Carolyn wanted to take a picture with the gladiators who wander around outside the Colosseum hoping to bilk the tourists. I fondled a fiver in my pocket and figured “why not?” After the photo session, he nonchalantly asked for 20 euros. In response, I un-nonchalantly suggested some creative places where he could stick his sword. Anyway, I threw the five and a couple of coins at him after hearing all about his starving children, for which we were rewarded with a stream of insults as we walked away. They’ve had a lot of problems with those guys, so they have been banned from walking too near the Colosseum. Throw ’em to the lions I say! At least now that we got our picture.
On the walk to the Colosseum, we found a field where they grow red-headed stepchildren. It was the end of the season, so the rest apparently had already been picked.
While there’s a military presence there, a lot of this is the fact that they’ve closed down the boulevards next to the Colosseum to cut down on the exhaust fumes discoloring the monument. And since Italian drivers will drive just about anywhere, the automatic rifles serve as a pretty good deterrent if they try it there.
Next to the Colosseum is Palatine Hill, which coincidentally is the name of the street where we first lived after our family moved to Oregon. Our house wasn’t quite as elaborate as some of the buildings below, although it did have a pool, a zip line, and a trampoline, all of which our seven-kid family managed to destroy within a year. Each of the kids eventually grew up to be barbarians, except our lone sister, who only had a stray hair or two on her chin. Actually, she often still does since she’s in her sixties, except now they’re both grey. That’s only in here to check to see if she’s reading this.
The Arch of Constantine is one of many arches around Rome, which were built if a war resulted in over 10,000 enemy deaths. I’m not sure who did the counting. And if you were the 10,001st enemy, could you form your hands into a “T’ symbol and call time?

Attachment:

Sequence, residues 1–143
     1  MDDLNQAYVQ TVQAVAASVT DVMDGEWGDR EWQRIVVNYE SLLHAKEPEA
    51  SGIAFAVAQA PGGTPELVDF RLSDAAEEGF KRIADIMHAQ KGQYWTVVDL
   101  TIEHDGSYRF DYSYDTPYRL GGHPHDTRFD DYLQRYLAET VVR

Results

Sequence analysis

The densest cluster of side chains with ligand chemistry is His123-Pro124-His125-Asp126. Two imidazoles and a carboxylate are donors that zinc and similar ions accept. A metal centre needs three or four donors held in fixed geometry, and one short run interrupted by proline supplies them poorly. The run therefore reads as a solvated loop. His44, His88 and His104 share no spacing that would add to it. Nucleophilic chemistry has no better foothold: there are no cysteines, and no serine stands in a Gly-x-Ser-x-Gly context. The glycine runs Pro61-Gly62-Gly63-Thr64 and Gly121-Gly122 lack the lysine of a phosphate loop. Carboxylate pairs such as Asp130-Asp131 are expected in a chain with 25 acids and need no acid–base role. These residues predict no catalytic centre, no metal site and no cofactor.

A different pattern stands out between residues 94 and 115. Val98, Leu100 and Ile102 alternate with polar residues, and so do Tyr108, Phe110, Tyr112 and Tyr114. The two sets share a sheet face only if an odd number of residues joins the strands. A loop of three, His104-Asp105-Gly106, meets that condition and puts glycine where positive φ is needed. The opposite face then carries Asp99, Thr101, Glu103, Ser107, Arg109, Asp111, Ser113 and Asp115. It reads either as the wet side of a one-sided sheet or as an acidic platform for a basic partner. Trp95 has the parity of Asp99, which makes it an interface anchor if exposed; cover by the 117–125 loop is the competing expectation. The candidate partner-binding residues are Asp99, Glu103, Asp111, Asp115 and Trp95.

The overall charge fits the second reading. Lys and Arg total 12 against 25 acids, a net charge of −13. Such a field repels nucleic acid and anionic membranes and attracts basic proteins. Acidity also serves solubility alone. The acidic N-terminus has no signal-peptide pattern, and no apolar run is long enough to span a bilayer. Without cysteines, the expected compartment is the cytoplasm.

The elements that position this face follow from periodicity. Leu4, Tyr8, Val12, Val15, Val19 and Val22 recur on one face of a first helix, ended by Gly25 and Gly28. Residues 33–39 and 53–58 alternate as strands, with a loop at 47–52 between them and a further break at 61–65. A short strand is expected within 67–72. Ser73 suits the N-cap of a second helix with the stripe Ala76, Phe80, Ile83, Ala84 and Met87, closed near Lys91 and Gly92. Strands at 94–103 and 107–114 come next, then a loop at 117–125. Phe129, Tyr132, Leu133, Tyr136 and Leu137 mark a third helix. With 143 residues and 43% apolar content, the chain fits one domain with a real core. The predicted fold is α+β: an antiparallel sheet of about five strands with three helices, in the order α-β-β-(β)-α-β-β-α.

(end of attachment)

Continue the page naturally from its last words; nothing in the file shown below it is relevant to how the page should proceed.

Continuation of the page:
The tour of Palatine Hill is best taken with a guide because so many of the buildings are gone. But it’s still impressive and amazing to imagine yourself in those times, walking around the place, hoping no one notices that you’re from 2,000 years in the future. You might be given away by the roll of toilet paper in your pocket, so bring your own sponge.
The picture above (by Cassius Ahenobarbus, who you’ve never heard of, but who wants credit for the picture) shows how the place looked before time and the Bearded Ones whittled it down to the skeleton. The Circus Maximus is completely gone, but it’s where they raced their chariots, ala Ben Hur. It held upwards of 150,000 spectators, which dwarfs even the Colosseum. Since seven is Rome’s lucky number, the races consisted of seven laps. Hence, the seven dwarfs. All stories lead to Rome.
The area surrounding the Colosseum is rather festive, with big crowds, street musicians, and someone blowing bubbles all over the place. Anything to make a euro! Speaking of which, the euro needs a single syllable nickname like “buck.” I’m going with ‘Ro. Anything to make a ‘ro!
Beggars are fairly common around Rome. Generally they attempt to look as pitiful as possible, although I think a lot of them just take naps out there and wake up to happily find some coins in their hat. In our first foray to the Colosseum, we were accosted by a gypsy who knew so little English she didn’t even know what “no” meant. And I delivered a shouted “NO!” on my third attempt at communication. I had to practically peel her off Carolyn because she just kept coming, clawing at her. Afterward, Carolyn noticed the zipper on her little purse, which had been tucked “safely” under her arm, was opened. We were just seconds away from losing a credit card or cash. I have often thought about hiding an opened mouse trap in a purse while walking in cities like Rome. But then I know one of us would forget and hilarity –bolstered by a stream of cussing– would ensue.
After a long day of hiking around Rome, one needs to clean one’s unmentionables. However, one does not often find a dryer in an apartment in Rome, so one must make do with what one is given, in this case, the towel warmers in the bathroom. Hey, they were clean. I think.
It is pretty easy to commit suicide in Rome. Just sayin’.
But we’ll seal this entry with a kiss under the “A” for Anderson. Holy moley, I’ve only covered the first part of our adventure in Rome so far. We still have the rest of Rome, plus Florence, Naples, Pompeii, and Venice to go! No wonder we’re so tired! I don’t know how those guys conquered all that and more!